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Smiling Wolf

Rem. rolling block question

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I have a Remington rolling block, I was told it is a 7mm Mauser caliber. What ammo can I safely shoot?

 

   Thank You

     S.W.

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FIRST... have a gunsmith check it out to see that it is, in fact, a 7mm Mauser (7x57) AND that it is safe to shoot.

Some Rolling Blocks are quite old and should be inspected by a competent gunsmith.

THEN... 7mm Mauser. In the UK, it is known as a .275 Rigby... so I hear.

Do Not use 7x57mmR which is a rimmed cartridge. Unless of course the GS tells you it is a 7x57mmR.

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Remington 7mm chambers for  7mm Mauser ammo today is different then the 7x57 ammo back then.  So fire form the cases to the chamber before you reload them

If the chamber is too short the breech will not close on a loaded round.
If the chamber is too deep, then you'd have excessive headspace.

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Thank you Gentlemen, I don't know how I double entered this, I think it is just going to become a wall hanger

 

  S.W.

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Friend of mine has one that he shoots, pretty sure it’s current production ammo.  Gunsmith ought to be able to advise you.

 

Seamus

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A good chamber cast and a quality set of calipers will tell you volumes

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You probably have the M1902 Remington Rolling Block.  For a long time when someone checked the chamber with a SAAMI standard headspace gage, they would come up with "excessive headspace" (accepting a NO-GO or even a FIELD gage).  The assumption was that somebody overloaded ammo causing the action to set back. The truth of the matter was/is that the European standard for 7 x 57 (aka 7mm Mauser) is longer than the SAAMI standard.  Usually, it is safe to shoot factory ammo ONCE!  The problem comes when the handloader screws the sizing die down to the "normal" depth for the U.S. cartridge, and then repeats the process after each shot.  The result is usually shortened case life and the possibility of a case head separation!  The solution is to back the sizing die off until the action will just close on the resized case with a little "feel".  Alternatively, buy a neck-sizing die, but still back it off some.

Because the rolling block action is a bit springy, moderate loads should be used.

It is also a good idea to check the receiver for cracks around the pivot pin holes.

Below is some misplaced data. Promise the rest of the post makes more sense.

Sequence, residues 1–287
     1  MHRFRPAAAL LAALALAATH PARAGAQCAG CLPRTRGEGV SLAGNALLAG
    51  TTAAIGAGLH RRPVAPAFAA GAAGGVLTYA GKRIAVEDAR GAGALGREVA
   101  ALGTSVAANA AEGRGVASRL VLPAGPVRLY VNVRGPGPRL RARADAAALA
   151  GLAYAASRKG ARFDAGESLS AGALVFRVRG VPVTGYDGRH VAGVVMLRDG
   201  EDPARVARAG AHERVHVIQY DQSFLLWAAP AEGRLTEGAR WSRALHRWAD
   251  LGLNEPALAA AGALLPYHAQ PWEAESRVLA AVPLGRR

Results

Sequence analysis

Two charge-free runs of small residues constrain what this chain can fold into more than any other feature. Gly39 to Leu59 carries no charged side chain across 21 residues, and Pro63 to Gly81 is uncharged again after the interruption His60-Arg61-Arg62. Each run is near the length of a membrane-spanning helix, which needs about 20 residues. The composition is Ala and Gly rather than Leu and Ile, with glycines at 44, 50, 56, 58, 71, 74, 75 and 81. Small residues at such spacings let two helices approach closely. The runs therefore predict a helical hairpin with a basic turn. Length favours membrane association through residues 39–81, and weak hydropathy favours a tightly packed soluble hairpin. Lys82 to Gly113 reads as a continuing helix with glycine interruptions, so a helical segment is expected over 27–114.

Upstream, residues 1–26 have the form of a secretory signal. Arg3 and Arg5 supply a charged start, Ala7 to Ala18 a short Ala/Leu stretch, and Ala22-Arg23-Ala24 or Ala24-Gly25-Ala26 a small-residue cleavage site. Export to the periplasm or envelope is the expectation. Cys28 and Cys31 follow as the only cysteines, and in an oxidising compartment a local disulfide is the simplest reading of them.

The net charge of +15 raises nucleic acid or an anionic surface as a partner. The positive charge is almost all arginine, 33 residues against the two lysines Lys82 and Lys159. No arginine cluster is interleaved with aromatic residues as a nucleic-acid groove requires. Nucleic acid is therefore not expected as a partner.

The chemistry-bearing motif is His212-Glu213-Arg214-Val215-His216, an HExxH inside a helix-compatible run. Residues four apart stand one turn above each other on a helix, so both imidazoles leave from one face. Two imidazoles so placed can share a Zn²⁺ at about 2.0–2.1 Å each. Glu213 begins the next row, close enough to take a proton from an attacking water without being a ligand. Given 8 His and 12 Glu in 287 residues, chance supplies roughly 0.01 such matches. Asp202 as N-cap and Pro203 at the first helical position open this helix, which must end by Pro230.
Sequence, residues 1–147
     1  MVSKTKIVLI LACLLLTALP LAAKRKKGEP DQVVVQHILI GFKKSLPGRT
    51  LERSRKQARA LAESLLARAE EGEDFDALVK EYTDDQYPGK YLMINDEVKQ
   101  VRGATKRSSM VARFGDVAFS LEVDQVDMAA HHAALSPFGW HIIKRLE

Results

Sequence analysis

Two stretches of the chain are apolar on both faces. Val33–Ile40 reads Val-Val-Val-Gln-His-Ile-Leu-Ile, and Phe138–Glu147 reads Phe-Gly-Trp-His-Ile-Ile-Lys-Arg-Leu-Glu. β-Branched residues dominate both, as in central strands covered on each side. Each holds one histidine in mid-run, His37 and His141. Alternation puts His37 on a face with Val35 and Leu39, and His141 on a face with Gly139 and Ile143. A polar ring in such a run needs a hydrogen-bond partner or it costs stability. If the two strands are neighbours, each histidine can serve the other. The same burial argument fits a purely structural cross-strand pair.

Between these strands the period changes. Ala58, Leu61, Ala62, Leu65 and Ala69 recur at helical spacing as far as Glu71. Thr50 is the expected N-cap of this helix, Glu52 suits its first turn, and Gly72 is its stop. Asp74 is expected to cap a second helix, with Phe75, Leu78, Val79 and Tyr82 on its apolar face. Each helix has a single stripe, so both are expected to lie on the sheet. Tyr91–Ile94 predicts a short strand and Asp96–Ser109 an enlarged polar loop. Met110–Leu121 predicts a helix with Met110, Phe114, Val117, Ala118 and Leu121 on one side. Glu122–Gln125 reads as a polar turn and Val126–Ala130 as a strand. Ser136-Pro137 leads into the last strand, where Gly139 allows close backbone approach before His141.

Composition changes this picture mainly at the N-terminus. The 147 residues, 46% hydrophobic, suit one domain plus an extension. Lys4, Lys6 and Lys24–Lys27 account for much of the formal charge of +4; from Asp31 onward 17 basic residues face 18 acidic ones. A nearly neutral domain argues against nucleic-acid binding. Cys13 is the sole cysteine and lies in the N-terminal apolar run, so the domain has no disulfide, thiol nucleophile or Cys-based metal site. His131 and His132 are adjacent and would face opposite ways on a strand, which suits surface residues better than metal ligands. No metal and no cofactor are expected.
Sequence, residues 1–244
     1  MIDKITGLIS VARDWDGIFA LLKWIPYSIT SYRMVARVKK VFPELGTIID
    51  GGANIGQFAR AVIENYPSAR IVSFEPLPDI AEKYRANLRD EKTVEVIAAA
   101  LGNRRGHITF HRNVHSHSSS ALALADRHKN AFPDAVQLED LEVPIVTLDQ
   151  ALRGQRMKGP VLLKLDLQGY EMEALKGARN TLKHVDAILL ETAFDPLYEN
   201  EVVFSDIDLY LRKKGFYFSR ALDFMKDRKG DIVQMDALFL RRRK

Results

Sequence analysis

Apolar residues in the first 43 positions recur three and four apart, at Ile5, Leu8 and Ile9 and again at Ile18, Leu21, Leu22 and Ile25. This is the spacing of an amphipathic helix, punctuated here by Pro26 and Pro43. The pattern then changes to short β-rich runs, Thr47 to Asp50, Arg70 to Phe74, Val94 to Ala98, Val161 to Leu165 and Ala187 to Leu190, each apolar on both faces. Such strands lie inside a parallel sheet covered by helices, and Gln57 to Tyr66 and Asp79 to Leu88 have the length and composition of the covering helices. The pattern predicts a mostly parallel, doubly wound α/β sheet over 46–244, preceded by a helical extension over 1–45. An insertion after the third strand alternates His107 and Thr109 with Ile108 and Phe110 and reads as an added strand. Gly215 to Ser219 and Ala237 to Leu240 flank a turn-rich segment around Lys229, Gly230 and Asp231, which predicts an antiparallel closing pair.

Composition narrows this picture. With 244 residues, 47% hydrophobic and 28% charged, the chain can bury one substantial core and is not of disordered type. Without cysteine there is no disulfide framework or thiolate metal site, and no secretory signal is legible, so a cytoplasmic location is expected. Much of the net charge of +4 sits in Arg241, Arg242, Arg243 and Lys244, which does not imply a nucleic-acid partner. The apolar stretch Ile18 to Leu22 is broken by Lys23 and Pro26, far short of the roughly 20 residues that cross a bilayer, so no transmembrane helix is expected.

Happy New Year!

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One could always get the hornady or sinclair bushing etc to measure a fired case and then adjust one's dies to only push the shoulder back .002 or so.  And as others have stated do not load it hot.

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The 1902 7mm Mauser rolling blocks are cool guns.  They were better heat treated and stronger than the earlier variants (which are quite strong in their own right).  They have an interesting extractor for the rimless cartridge.  As long as the gun is in good shape, you should be able to shoot it.  Check the chamber and the headspace and load accordingly.  
 

I had a nice 7mm rolling block 25-30 years ago and regret selling it.  They made some of these late guns in 30-40 krag. This would be the cat’s meow, but they are quite rare and I have never seen one in person.  I make do with my 50-70 NY state model.  

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What Sedalia Dave sez~!  :)

 

One of the most fun things to do with old rifles (and Remingtons in particular) is determining the chamber dimensions.  You should already have a good set of calipers (dial or digitial).  If you don't, you need one!  Then, one or two bars of Cerrosafe (or suitable alternative) and make a cast of the chamber.  Measure your casting (note the contraction/expansion factor if you wanna be super accurate).  Find the dimensions online (or consult "Cartridges of the World" if you're lucky enough to have a copy) and compare. 

 

Fun stuff!  ^_^

 

Oh... don't have a copy of Cartridges of the World?"  Big file and will take a few minutes, but you can download an interactive version here.  ;)  

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